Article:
On Thu, Jun 21, 2007 at 05:15:03PM -0300, Alexandre Oliva wrote:
> On Jun 21, 2007, Al Viro <[email protected]> wrote:
> > On Thu, Jun 21, 2007 at 06:39:07AM -0300, Alexandre Oliva wrote:
> >> - the kernel Linux could use code from GPLv3 projects
> > ... and inherit GPLv3 additional restrictions. No.
> Respecting the wishes of the author of that code. Are you suggesting
> they should not be respected?
Do piss off. You know full well what I'm saying.
> Anyone who's not happy about it can still take that portion out,
> unless you accept changes that make this nearly impossible, which I
> suppose you wouldn't given how strongly you feel about this.
Oh, right. "Anyone who doesn't like proprietary code in the tree
can just remove it, what's the big deal?" analog. Sorry, doesn't work.
> Without this provision, you wouldn't be able to use the code in the
> first place, so I don't perceive any loss for anyone. Do you?
Replace GPLv3 with proprietary in your argument and look in archives.
That had come up quite a few time in such form.
> >> - GPLv3 projects could use code from Linux
> > Oh, rapture! How could one object against such a glorious outcome?
> Exactly ;-)
Look up "sarcasm".
> Two-way cooperation. I'm told that's good. I was told this was even
Again, replace v3 with proprietary and reread your argument.
> I can see that one-way cooperation could be perceived as unfair, even
> if permissions granted by GPLv3 are all granted by GPLv2 as well.
... but not the other way round. So in effect we get a change of kernel
license, GPLv3 people *do* *not* get any license changes on their projects.
And you are saying that it's not one-way?
> > ... except for that pesky "no added restrictions" part, but hey, who
> > cares?
> But see, nobody would be adding restrictions to *your* code.
Liar. I'm sorry, but I do _not_ believe that you are honestly clueless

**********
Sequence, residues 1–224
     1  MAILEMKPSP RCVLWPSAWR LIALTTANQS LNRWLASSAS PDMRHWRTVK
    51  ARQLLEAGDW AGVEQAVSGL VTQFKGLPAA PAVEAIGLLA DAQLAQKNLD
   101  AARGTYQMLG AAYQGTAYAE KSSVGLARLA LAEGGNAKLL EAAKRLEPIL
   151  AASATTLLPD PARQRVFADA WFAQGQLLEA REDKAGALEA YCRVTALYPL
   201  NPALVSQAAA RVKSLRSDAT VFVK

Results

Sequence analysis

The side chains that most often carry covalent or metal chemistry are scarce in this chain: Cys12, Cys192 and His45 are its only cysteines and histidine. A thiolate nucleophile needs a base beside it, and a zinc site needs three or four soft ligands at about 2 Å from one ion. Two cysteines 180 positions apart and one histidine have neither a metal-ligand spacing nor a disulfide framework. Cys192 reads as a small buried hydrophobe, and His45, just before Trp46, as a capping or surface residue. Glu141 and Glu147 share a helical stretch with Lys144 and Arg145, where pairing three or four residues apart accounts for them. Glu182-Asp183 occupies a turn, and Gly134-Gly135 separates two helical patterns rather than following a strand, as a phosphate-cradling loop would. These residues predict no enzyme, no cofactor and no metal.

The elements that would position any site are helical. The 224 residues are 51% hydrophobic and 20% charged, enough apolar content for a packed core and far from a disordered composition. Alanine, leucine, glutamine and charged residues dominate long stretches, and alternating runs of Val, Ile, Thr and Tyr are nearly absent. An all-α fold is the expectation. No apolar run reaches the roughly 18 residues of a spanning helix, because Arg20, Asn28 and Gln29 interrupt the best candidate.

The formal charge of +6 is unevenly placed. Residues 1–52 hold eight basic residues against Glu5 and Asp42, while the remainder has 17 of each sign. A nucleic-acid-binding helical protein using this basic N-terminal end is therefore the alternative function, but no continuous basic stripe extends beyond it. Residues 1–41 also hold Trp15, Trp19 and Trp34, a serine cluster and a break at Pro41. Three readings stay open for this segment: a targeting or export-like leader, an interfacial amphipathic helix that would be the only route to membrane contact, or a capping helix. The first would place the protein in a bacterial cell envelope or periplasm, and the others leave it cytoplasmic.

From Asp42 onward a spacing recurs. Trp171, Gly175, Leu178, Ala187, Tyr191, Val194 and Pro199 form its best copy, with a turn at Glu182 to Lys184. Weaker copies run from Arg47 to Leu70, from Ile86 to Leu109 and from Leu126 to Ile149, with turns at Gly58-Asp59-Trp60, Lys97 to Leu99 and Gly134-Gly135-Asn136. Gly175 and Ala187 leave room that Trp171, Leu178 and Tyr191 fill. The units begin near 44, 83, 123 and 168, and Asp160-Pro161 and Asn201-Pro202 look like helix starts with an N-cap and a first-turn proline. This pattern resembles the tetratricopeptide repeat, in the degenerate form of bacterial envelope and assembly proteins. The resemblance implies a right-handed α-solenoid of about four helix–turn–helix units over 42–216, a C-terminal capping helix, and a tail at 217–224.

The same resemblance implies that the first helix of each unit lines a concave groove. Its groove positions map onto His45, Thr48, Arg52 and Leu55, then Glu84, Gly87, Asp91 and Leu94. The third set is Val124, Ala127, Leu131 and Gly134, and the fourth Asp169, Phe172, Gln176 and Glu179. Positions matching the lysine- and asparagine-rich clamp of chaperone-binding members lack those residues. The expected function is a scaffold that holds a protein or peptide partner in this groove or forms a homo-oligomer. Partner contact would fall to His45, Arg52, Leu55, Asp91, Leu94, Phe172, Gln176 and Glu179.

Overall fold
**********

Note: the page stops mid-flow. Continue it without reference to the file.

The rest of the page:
about GPL to that extent, especially given your claims of participation
of v3 development. What you are saying is "but your code will be still
available under GPLv2". Yes, it will. So it will be if e.g. SCO pulls
it into proprietary codebase. And you know damn well that this _is_
against the intentions of the license. Besides, changes to code should
be available under the same license. The first change in v3 project
affecting both imported v2 code and native v3 one will create a big problem.
> > ... because it's For The Benefit Of User Freedoms!!!
> It is either way. Do you deny that tivoization also benefits one
> user/licensee? And in detriment of others, while at that?
You know, we have another wanker here starting another thread from
hell - one about allowing stable driver ABI, to make the life of
proprietary modules more convenient. The funny thing is, it's _also_
said to be for the benefit of users. I.e. it's basically an equivalent
of "Will somebody think of chiiildrun!!!?!?!?"
> > No. Permission denied.
> Your opinion is duly noted. Thanks.
It's not an opinion. It's a lack of permission to distribute GPLv2 code
under conditions violating its license.
> > If somebody wants to dual-license *others* code,
> This is not about dual licensing at all, and this is not about others
> code. This is a decision you would have to make in order to enable
> cooperation between projects.
> If you don't want to make this decision, that's fine. Nobody can be
> forced to cooperate. This works in both directions.
> Don't try to frame those who want to respect and defend users'
> freedoms as uncooperative. This is *your* decision, and your decision
Ah. Got it. Nice spin. "Your license doesn't allow to put your code
under the license we want, you are mean and uncooperative! Giiiimmeeee!!!
Or be condemned as a Bad Person and an Enemy of Freedom"
To unsubscribe from this list: send the line "unsubscribe linux-kernel" in
the body of a message to [email protected]
More majordomo info at http://vger.kernel.org/majordomo-info.html
Please read the FAQ at http://www.tux.org/lkml/
[Index of Archives]
[Video 4 Linux]
[Linux for the blind]